Hanna was also widely influenced by artist John St. John, an American abstract painter whose works of cities, mountains, trees and sea were carried from reality through to abstraction, to almost non-objectivity. St. John primarily worked with a painting knife, constructing chaotic compositions with highly dynamic gestural marks and colour. Many describe his work as capturing the feeling of light while conveying a sense of space. Untitled (Rainbow Explosion) similarly displays a harmony with colour and space. Although non-objective, one may imagine a foreground and a background suggested through high contrasted color, providing a sense of order within chaos, and perhaps a sense of reality within non-reality.

At the top left of the painting, the viewer may experience a series of vertical repeated lines in black, rapidly leading the eye from left to center. Orange and blue sit quietly between each heavy line, complimenting each other as they do, providing a contrast against the heaviness that is black. The eye is interrupted halfway through with a circular, organic form that feels quickly constructed through its imperfection– it is not fully filled in nor is it perfectly circular– one may imagine a moment where Hanna had paused and allowed the paint to seep into the paper, leaving evidence of the intermission. It rests the eye until it continues again to the right of the painting, where a diagonal line intervenes and leads us down towards the center of the work.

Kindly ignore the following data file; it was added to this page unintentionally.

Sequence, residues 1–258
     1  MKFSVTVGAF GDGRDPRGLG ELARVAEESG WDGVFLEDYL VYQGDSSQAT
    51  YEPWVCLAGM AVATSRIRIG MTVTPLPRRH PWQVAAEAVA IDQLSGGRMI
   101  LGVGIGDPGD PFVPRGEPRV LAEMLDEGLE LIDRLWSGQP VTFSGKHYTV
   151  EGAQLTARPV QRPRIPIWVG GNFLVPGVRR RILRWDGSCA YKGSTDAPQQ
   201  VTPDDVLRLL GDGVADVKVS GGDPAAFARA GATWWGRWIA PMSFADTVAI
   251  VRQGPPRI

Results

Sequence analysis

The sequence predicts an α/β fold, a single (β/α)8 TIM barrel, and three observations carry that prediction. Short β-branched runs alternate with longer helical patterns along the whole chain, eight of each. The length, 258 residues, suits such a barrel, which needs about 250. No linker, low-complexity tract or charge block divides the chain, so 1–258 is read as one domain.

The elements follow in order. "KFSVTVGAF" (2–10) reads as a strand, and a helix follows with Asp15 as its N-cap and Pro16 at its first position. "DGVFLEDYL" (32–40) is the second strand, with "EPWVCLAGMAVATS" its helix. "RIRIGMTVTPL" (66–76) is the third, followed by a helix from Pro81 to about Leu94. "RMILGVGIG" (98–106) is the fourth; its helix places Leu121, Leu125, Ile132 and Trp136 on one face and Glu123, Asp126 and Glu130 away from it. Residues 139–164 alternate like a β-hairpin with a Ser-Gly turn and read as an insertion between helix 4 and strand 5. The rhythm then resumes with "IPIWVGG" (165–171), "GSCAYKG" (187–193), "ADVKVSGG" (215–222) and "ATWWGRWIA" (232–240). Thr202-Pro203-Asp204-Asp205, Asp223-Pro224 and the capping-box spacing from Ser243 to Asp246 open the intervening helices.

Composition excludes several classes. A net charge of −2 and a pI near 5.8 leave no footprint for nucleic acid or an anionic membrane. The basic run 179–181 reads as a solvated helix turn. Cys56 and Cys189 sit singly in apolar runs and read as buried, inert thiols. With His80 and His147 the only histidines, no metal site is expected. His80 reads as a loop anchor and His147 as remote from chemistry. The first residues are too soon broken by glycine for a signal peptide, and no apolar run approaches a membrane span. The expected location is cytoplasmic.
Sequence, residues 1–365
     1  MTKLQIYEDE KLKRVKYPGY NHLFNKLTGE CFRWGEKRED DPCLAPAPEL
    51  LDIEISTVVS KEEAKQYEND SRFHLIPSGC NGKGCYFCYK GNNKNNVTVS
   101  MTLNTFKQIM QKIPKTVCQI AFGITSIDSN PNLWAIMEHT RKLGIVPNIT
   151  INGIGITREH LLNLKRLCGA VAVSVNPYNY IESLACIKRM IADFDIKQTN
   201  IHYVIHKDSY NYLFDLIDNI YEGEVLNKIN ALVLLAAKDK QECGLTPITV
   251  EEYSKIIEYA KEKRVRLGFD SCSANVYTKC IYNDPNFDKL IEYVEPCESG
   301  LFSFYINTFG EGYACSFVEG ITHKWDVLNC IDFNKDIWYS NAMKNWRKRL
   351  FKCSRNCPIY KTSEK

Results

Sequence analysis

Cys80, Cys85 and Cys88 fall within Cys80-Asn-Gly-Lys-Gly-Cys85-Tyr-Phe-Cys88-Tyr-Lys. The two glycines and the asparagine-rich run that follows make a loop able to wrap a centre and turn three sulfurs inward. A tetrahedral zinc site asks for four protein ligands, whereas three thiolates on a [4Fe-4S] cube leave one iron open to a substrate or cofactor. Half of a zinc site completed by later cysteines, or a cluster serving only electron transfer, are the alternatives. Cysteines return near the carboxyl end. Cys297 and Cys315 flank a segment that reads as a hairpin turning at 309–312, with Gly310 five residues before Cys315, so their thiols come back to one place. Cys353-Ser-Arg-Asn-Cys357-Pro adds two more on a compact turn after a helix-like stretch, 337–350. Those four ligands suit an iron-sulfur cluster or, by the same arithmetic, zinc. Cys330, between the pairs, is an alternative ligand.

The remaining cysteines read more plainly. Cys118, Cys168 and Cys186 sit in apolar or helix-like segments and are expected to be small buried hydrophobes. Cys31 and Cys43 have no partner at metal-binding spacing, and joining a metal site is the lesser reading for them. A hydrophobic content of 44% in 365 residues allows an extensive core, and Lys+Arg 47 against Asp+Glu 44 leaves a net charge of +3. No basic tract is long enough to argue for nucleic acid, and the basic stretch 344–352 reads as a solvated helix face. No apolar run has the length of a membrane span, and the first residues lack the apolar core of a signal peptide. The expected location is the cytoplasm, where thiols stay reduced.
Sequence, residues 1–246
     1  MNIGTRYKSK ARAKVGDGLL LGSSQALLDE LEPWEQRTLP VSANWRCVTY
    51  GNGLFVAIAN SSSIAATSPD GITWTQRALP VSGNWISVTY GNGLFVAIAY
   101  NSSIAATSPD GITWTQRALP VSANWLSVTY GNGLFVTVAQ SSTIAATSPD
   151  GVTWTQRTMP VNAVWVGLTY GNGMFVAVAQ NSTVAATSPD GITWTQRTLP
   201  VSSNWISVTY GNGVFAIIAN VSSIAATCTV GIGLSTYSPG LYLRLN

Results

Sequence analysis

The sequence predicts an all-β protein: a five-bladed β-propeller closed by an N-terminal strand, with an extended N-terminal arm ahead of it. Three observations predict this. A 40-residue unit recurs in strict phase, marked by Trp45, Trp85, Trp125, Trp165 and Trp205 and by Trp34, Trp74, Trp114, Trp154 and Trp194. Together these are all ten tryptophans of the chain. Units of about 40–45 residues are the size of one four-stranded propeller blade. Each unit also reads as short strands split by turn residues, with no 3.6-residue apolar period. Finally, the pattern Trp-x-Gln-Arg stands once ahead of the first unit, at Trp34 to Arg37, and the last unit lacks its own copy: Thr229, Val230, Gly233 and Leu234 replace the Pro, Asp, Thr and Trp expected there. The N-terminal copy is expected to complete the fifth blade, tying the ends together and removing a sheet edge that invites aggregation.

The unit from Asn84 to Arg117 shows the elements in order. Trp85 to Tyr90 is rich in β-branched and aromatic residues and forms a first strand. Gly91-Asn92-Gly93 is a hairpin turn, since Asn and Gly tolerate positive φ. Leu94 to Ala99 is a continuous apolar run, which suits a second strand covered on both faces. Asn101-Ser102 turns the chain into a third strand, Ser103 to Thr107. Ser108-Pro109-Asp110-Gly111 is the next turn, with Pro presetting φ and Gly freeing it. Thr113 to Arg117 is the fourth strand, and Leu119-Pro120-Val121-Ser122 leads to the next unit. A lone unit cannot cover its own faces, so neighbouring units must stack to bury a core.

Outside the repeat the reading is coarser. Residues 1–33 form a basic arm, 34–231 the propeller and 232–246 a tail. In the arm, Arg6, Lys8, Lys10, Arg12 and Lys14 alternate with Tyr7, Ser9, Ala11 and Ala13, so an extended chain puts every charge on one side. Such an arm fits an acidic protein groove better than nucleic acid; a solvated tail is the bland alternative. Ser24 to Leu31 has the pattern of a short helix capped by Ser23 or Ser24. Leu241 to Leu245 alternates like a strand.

The center feels the heaviest, a spot that slows down the eye until it is woken up again by a swift intrusion of white. Two white marks, subtle and stark allow a sense of contrast to break up the composition. It provides proof of a foreground within the disorder, and one can distinguish the placement of the orange, blue and yellow from the black and white. We are then led onwards, towards the bottom left of the composition to find another circular shape, coated with a series of white lines that provides visual texture.

We are shuttled out from the left corner back towards the center of the work by a cone-like form composed of two black lines encompassing an ocean of more blue and orange, tangled together like a series of webs. Watery drips line the surface of the paper, emphasizing materiality and the process-based nature of the work.

Untitled (Rainbow Explosion) reminds me of art critic Clement Greenberg’s idea of art for art’s sake, the idea that the painting is the art object, and that its underlying theme rests in an expression of material. The works of many contemporary artists living and working today epitomize this same ideology, and celebration, if you will, of the process of art making as their artworks content. Greenberg felt that abstract work had the ability to create in-depth thinking and questioning, a skill that one would benefit from in thinking on a larger scale, within their communities and ultimately in the world. This work inspires deeper investigation and contemplation, an enlightening experience for the viewer.